Sometimes you meet someone who leaves an indelible mark on your life. Who teaches you something you carry with you forever.
I’ve been blessed in my life to have met several such teachers. One of which was my childhood priest, Father Ron.
I’ll never forget the first time I laid eyes on him… this larger-than-life Italian who drove into our small town on a Harley, wearing a leather jacket and smoking a pipe, shaking up everyone’s notion of what an Episcopal priest was “supposed” to look like. I was 7 years old… and his Pittsburgh-Italian accent, salt-and-pepper hair, love of photography, and complexity fascinated me even then. I used to cherish afternoons spent playing with his boys (the eldest the same age as me, the youngest the same age as my little sister) at the rectory, Saturday afternoons working around the parish hall, and spaghetti pitch-in dinners, watching him standing guard over his own made-from-scratch sauce until it was ‘perfecto’.
As I got older, I began to learn that behind that tough exterior was a deep and intelligent mind, a soul who truly understood both the struggles of humanity and the quest to connect to something higher. He taught me to question everything, to never accept the teachings of man without weighing it against what you know, the wisdom of your teachers, and the stirrings of that inner voice. He was a man who had stared hell in the face and carried on anyway… he was tenacious and compassionate. I have carried his lessons with me since childhood. Even now that I’m grown, he never seemed to change. He always seemed invincible. During my last visit, though too long ago, left me smiling at how he never changes… relaxed, sharp-witted, opinionated as ever. I have been trying to find some time to go down and visit again, to introduce Munchkin to the giant who had such an impact on me.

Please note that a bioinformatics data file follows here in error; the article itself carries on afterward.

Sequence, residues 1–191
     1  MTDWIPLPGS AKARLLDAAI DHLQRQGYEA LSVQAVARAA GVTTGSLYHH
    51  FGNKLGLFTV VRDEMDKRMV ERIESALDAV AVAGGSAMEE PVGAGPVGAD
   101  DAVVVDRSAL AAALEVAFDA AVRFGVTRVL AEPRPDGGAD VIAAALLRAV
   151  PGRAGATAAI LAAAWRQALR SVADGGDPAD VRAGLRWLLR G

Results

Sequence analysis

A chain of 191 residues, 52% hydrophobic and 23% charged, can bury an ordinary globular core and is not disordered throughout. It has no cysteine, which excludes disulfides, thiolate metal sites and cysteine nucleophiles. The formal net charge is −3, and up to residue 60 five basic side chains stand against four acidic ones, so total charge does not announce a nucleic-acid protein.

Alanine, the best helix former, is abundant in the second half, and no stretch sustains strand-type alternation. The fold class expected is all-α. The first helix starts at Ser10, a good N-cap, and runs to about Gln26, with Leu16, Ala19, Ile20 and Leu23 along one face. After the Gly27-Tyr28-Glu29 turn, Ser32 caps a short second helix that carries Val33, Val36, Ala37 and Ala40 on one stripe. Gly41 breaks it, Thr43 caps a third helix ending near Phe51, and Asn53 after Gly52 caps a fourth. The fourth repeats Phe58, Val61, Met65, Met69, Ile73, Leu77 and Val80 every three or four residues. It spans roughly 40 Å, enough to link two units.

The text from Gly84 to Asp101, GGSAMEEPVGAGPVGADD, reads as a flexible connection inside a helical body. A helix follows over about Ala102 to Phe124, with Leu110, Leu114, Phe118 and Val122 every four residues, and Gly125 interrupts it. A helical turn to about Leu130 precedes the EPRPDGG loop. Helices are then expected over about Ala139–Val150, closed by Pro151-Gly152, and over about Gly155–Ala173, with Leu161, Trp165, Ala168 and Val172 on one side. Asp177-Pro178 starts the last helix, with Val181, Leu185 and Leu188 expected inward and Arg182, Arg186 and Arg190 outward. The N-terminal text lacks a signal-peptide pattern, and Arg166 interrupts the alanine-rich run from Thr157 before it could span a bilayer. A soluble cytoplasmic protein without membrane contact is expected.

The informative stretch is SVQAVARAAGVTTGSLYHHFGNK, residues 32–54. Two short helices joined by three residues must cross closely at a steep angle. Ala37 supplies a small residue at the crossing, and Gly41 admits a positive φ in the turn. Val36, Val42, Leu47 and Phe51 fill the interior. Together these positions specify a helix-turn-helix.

Sadly, Ron passed away from this world this week. As much as I am saddened, I know that his family is heartbroken. He was a loving father, husband, and grandpa. He was a wonderful teacher, listener, and friend… and the world is a little bit darker without him. Those of us who were lucky enough to have crossed paths with him are forever changed.
When someone who has such an impact on our lives passes on… when someone we felt was impervious becomes mortal… it leaves a hole. It doesn’t matter that as my life became busier and I moved away from my hometown that I no longer had the time to sit talking with him for hours. I could walk in the door at any time and it would feel like no time had passed at all. He was just that kind of guy.
Ironically, I just ran into his youngest son out of the blue the other day. We talked for quite a while, reminiscing about our childhood memories, shadows of a time that was much easier… before tragedy struck their family more than once, before my parents divorced, before any of us grew up and had our children and started our own lives. We smiled, laughing over how Ron (now long-retired from the priesthood) never changed. He was as loud and opinionated and funny and stubborn as ever. A giant. Invincible. I told him to tell his dad I said hi, and that Munchkin and I would be down to visit soon.
But sometimes ‘soon’ isn’t soon enough.
Ron wasn’t one to dwell on “woulda, coulda, shoulda”. He would tell me not to be sorry for one second that I didn’t get to see him one more time. The last time we talked he told me how proud he was of me… of my photography (which meant a lot coming from him, a professional photographer before he became a priest), and of the way I was building a life for myself and raising my son. I guess that’s all I need to know, to carry in my heart.
Still… I know that any time I catch the scent of pipe tobacco and freshly-stewing spaghetti sauce… I will think of him.
Rest easy, rabbi. You are loved.
*Vita mutatur, non tollitur.*